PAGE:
“I can’t hear you!”

Matt didn’t know what shocked him more: to see his best friend drinking, or see the state of his apartment. Almost every piece of furniture was gone; every poster had disappeared from the walls; every inch of filthy carpet had been removed.

“You don’t drink. I don’t think I’ve ever seen you drink.”

“I don’t drink,” said Emilio, and took another long swig of tequila.

“Tell me what’s going on, man. I can appreciate the spartan decor, but where’s your bed? And the appliances? Even the fridge is gone. You were never much of a cook, but what the hell is going on?”

“It was in my way. In her way.”

“Her… way? So… OK. A woman. It all becomes clear now.”

“Does it? How? Please tell me how it becomes clear, because I think I’m going crazy, and nothing is clear.”

Matt heard those words, and the thought that maybe Emilio was thinking about killing himself again returned. A wave of nausea punched his gut without mercy. He had been the one that found him after all. Emilio lifted his gaze from the floor as he shifted on the couch at the center of the living room, the only remaining article of decor. He turned it to face his friend.

“She says you think I’m going to try to… end it all again. I’m not.”

“Then tell me what the fuck is going on! Who is this woman you’re seeing? She must mean something to you, if you’ve told her about… that. You never even told your parents.”

“‘Seeing’? Emilio barked a laugh. It sounded like a large match being struck; humorless. “I can’t say I’m seeing her. I’ve never seen her in my life.”

“So it’s an online thing. I’d believe that, if I saw your computer anywhere. Or your phone. Your number is no longer in service. I hadn’t heard from you in a week. I was starting to get worried.” Matt was horrified to see tears in Emilio’s eyes. They stubbornly clung to him, and didn’t roll down his cheeks. He could see dying light from the window glinting in them. Uncomfortable, he looked away.

“Uh, could we turn on the light? Shit. Emilio, what the fuck? Where are the lightbulbs?”

“I had to get rid of them. They hide her. They’re not the right light.”

Matt looked at his friend again, and almost reached for his phone to call 911. Emilio had lost his mind. He must have. Nothing he was saying made any sense. The worst part was that Emilio was painfully articulate, carefully saying every word, watching Matt as though he knew how he would react. Those drying tears turned his eyes into cold knives. Matt swallowed hard, and tried again.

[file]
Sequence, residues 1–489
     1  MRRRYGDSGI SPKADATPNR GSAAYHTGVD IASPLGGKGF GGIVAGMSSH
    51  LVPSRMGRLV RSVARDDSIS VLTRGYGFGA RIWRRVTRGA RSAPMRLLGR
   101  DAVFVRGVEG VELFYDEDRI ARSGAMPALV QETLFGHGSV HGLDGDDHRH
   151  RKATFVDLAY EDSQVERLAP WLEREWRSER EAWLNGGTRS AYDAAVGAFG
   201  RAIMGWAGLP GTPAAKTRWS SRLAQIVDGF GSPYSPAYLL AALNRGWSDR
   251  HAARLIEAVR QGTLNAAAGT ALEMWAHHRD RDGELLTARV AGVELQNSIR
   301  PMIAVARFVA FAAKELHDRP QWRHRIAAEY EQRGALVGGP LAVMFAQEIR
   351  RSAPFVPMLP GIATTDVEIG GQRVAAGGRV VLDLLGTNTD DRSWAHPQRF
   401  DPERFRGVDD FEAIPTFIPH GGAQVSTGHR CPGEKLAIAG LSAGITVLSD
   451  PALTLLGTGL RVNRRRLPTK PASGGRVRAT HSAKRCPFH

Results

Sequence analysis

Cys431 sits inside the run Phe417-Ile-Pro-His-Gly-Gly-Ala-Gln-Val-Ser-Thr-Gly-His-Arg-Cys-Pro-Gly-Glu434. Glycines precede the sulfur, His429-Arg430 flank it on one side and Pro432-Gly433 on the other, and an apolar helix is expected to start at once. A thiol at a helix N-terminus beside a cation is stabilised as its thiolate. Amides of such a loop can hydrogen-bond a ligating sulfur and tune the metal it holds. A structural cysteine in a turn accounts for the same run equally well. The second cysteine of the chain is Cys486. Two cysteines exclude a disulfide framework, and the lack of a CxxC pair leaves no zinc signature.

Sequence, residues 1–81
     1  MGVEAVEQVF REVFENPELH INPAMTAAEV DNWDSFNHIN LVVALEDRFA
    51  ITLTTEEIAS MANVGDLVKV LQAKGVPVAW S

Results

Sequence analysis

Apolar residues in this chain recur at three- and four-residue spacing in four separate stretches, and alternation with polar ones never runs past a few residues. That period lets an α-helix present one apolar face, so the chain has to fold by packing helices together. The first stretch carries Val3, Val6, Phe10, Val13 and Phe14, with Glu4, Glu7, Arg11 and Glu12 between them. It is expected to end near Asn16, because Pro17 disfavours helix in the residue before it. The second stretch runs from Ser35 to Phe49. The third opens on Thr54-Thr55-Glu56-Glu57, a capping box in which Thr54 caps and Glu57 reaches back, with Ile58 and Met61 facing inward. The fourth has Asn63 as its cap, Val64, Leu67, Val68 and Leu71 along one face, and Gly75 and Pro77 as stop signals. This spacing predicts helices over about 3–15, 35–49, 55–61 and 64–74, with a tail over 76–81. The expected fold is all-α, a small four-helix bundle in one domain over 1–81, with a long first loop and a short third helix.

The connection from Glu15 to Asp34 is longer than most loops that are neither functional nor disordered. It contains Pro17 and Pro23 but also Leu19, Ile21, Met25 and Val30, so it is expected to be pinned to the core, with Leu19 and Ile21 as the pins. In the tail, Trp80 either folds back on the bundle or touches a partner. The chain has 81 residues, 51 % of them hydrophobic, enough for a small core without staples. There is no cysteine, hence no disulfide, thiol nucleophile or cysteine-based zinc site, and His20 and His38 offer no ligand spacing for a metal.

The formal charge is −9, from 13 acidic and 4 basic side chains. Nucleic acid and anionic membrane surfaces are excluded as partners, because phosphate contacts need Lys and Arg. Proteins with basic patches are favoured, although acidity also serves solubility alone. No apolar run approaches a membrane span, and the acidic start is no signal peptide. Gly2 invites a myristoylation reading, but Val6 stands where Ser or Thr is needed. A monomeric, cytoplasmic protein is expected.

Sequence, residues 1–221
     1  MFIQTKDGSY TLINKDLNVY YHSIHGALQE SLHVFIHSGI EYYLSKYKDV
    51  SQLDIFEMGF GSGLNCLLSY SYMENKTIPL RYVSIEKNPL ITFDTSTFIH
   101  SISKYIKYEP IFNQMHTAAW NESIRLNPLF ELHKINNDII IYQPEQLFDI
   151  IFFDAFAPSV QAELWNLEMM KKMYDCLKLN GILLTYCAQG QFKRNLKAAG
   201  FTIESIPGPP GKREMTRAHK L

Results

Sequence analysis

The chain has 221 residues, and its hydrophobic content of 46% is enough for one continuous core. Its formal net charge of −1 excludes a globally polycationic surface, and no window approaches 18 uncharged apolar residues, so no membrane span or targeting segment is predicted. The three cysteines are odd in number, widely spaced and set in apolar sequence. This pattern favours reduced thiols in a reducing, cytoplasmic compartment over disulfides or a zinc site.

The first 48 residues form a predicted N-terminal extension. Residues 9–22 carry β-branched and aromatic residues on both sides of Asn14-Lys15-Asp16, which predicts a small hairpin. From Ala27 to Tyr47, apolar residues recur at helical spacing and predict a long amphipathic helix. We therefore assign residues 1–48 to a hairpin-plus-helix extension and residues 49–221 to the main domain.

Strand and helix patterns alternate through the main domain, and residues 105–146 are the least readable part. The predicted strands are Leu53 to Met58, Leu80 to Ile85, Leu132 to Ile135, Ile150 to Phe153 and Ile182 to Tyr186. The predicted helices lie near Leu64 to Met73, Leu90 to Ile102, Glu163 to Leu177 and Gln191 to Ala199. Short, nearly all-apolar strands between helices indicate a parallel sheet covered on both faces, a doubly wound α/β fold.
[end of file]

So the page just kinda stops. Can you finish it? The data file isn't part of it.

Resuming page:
“I’m listening.”

As the sun set, Emilio got up, walked over to the kitchen pantry, and removed something from it. When he walked back, Matt could see it was a work light. “It started about a month ago, right after we got back from the concert.” He put the work light on the floor, and plugged the cord into the wall socket. He straightened the light so it would face the rest of the room, and returned to his place on the couch, letting his body drop with what Matt knew was exhaustion.

“At first I thought it was the pills we took, but when I sobered up… the night after that, I knew what I saw was real.”

“What did you see?”

“Her shadow. On my wall. The gigantic shadow of a huge woman, on my bedroom wall.”

Matt’s heart jumped in his chest. 911, he thought. 911.

“Stop it. You’re not going to call 911.”

Matt’s eyes widened, but he looked away from his friend’s face, and glued his gaze on the bottle of tequila that sat on the floor. He reached for it, and drank it long. Emilio waited until his friend finished swallowing with a cough.

“I’m not going to call 911, but you know you sound insane.”

“I know,” said Emilio as he looked at the window. “It’s almost time.”

“Time for what?”

“Time for you to meet her.” He got up, returned to the work lamp, and turned it on.

To be continued…

5 thoughts on “Message

Add yours

    1. I wrote something years ago, about a tiny man that died, and after he had been buried and grieved for, he came back, still wrapped in the tattered shroud his girlfriend had made for him. It was unsettling, even frightening to write about a little mummy, though now I think it’s a bit funny. Hopefully this one will be both dark, and humorous. I’ll go for the latter, later.

      And thank you!


  1. I love stories like this, riddles with puzzle pieces released every few lines, clues that deepen the mystery while fleshing out the world. Oh, this is brilliant. I’m very excited to see how this works out!

    Liked by 1 person

  2. I’m blushing, and smiling. Thank you. :) This one came out of nowhere. I’m going to milk it for as long as it goes on. I have nearly nothing mapped out for it. Maybe the end. The end is really bothering me. I don’t like it.

    Liked by 1 person

    1. Then it’s an adventure that has the writer as curious as the reader! I love that only a certain vibration of light will do, and then there’s a silhouette but no sound (but maybe later, after some mind-bending acclimation!), and then maybe it turns out… no, I don’t even want to guess! I don’t want to ruin anything.

      Liked by 1 person

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